PEI·Waves of Change

Zero Waste P.E.I. growing awareness of plastic free options

Zero Waste P.E.I. is helping Prince Edward Islanders looking for ways to reduce their waste, including single-use plastic.

Charlottetown store getting a bump in business, thanks to the zero waste movement

Some of the items Rebecca McQuaid is using to reduce waste. (Randy McAndrew/CBC)

Waves of Change is a CBC series exploring the single-use plastic we're discarding, and why we need to clean up our act. You can be part of the community discussion by joining our Facebook group.

An online group is helping Prince Edward Islanders looking for ways to reduce their waste, including single-use plastic.

The group is called Zero Waste P.E.I., and it's growing exponentially, with more than 150 new followers in the past week.

Rebecca McQuaid, one of the new members and an administrator, first heard about the zero waste movement last summer, also on social media, and was looking for a way to make it local. (Randy McAndrew/CBC)

"My initial idea for the group was basically to have a platform for people to share tips on ways to reduce their waste," said Rebecca McQuaid, one of the new members and an administrator. 

"But also to be able to ask questions on places maybe they could source different items on P.E.I. specifically so that we could share that knowledge and spread it around."

McQuaid first heard about the zero waste movement last summer, also on social media, and was looking for a way to make it local. 

"I think those daily inspirations and those tips from other people can really help to keep you motivated and keep you engaged in actively trying to reduce your waste," McQuaid said.

"There's been a lot of interest. It's been really great to see."

McQuaid says many of the posts focus on practical challenges to reducing waste, such as where to find spinach that's not in a plastic container or bag at this time of year. (Randy McAndrew/CBC)

Practical challenges

McQuaid says many of the posts focus on practical challenges to reducing waste, for example where to find spinach that's not in a plastic container or bag at this time of year.

McQuaid says there are also services in bigger centres that aren't offered yet on P.E.I., such as places to refill your laundry detergent or dishwashing soap.

"It's growing this movement of people who want these services and I think they will come," McQuaid said.

"I think there are stores that are willing to bring those things in if there are enough people who are interested. I think that's the hope of a lot of people who are in the group."

Reuseable bags created by McQuaid and her mother to help reduce waste. (Randy McAndrew/CBC)

McQuaid admits that, for some people, the zero waste movement comes with an additional cost.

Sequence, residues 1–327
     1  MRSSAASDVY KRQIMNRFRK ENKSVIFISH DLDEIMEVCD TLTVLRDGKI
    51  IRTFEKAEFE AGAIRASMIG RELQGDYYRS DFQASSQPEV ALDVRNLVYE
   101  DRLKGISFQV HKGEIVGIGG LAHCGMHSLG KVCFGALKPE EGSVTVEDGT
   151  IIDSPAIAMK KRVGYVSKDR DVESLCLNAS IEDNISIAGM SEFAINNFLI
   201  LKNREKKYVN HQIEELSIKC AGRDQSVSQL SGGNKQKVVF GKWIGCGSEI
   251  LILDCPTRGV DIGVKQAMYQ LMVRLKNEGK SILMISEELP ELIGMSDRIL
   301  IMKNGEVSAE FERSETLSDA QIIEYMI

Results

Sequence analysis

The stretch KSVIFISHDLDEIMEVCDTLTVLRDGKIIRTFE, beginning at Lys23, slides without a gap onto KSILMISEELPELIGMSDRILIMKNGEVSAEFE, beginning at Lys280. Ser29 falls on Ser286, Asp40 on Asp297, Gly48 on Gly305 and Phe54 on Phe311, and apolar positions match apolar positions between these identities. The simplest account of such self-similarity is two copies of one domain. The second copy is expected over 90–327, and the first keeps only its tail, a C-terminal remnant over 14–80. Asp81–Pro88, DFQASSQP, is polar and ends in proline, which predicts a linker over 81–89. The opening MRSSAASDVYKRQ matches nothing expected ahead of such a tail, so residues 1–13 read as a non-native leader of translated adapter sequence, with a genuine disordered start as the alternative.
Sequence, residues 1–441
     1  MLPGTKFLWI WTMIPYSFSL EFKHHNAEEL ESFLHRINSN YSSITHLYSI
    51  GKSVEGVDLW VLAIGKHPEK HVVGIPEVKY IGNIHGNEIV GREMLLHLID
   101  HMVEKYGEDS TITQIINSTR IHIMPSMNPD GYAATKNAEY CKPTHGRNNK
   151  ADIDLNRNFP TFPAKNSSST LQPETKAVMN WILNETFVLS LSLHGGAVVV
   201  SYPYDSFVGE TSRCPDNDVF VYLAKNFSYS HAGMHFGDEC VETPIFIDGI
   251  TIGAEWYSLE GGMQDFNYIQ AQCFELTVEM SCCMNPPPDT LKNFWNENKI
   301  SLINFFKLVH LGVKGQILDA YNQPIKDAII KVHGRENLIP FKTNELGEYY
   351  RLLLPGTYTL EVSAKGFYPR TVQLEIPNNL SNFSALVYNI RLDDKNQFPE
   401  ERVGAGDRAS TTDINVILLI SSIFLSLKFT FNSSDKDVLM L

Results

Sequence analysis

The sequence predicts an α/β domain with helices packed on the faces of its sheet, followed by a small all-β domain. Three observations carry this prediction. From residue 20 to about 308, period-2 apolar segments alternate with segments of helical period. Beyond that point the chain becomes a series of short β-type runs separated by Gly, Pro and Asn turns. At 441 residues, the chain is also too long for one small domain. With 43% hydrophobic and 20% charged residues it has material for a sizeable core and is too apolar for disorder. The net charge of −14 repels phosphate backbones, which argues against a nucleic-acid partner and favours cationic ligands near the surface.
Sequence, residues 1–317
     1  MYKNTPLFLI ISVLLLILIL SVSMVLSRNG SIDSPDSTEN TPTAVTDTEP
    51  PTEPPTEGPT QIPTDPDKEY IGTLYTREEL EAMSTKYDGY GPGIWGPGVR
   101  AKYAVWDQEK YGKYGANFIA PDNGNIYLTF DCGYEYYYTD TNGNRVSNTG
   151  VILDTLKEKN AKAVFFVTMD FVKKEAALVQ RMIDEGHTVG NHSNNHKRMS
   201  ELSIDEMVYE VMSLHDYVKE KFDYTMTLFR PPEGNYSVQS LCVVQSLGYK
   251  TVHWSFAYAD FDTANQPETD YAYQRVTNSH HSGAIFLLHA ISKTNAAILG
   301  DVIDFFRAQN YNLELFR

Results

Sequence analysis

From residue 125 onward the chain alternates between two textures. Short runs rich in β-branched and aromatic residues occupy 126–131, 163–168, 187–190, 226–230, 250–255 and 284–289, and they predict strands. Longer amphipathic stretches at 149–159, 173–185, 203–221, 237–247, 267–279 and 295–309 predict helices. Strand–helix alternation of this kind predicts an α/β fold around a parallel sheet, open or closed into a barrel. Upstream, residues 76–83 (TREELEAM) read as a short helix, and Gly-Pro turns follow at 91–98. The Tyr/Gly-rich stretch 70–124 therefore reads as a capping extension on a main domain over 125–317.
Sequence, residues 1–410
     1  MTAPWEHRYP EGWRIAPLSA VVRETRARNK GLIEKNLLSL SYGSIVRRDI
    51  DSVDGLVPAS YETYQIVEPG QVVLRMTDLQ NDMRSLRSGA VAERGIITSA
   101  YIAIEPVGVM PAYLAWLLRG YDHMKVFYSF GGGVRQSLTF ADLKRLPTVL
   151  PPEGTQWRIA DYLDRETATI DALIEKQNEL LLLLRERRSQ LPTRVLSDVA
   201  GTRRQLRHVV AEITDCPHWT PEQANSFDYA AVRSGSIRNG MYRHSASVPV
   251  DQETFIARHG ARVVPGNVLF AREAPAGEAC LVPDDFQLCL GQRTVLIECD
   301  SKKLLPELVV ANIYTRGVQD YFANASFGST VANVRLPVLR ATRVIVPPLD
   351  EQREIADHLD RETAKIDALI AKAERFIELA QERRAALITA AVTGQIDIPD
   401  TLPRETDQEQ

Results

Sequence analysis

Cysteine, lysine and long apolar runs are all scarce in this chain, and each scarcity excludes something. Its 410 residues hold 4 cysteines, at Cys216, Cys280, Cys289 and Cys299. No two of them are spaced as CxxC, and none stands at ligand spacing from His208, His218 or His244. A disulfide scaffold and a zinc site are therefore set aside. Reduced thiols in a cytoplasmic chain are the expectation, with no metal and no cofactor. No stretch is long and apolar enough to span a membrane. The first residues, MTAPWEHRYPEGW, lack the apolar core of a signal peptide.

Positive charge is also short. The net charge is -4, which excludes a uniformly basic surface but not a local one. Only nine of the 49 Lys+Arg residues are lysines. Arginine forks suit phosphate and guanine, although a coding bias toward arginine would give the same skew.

"If I can source the item or service for about a ten per cent cost difference," McQuaid said.

"I would see that as a good trade off in terms of reducing my waste in that area."

Sustainable business

A store on P.E.I. is getting a bump in business, thanks to the zero waste movement.

Angie MacDonald and Kimberley Milette opened eco.spirit on July 1, 2018, focusing on sustainable clothing and other products.

Angie MacDonald holds purses made from recycled plastic bags. (Nancy Russell/CBC)

"There are more and more people out there looking for items that they know are not going to hurt the environment, like your bamboo, your hemp," MacDonald said.

"We don't believe in plastic here. When we bring plastic in, it's made into clothing or in shirts, something that's re-useable, that you're not putting into the environment."

These baskets are made from recycled materials including plastic, even an old phone cord. (Nancy Russell/CBC)

Among the products the store sells are leggings made from plastic drinking bottles and purses made from recycled grocery store bags.  

"People are floored, they are so amazed to find out there are so many ways to use plastic bags," MacDonald said.

"It's wonderful to have more and more people coming in and embracing a waste-free environment."

ABOUT THE AUTHOR

Nancy Russell has been a reporter with CBC since 1987, in Whitehorse, Winnipeg, Toronto and Charlottetown. When not on the job, she spends her time on the water or in the gym rowing, or walking her dog. Nancy.Russell@cbc.ca

Comments

To encourage thoughtful and respectful conversations, first and last names will appear with each submission to CBC/Radio-Canada's online communities (except in children and youth-oriented communities). Pseudonyms will no longer be permitted.

By submitting a comment, you accept that CBC has the right to reproduce and publish that comment in whole or in part, in any manner CBC chooses. Please note that CBC does not endorse the opinions expressed in comments. Comments on this story are moderated according to our Submission Guidelines. Comments are welcome while open. We reserve the right to close comments at any time.

Become a CBC Member

Join the conversation  Create account

Already have an account?

now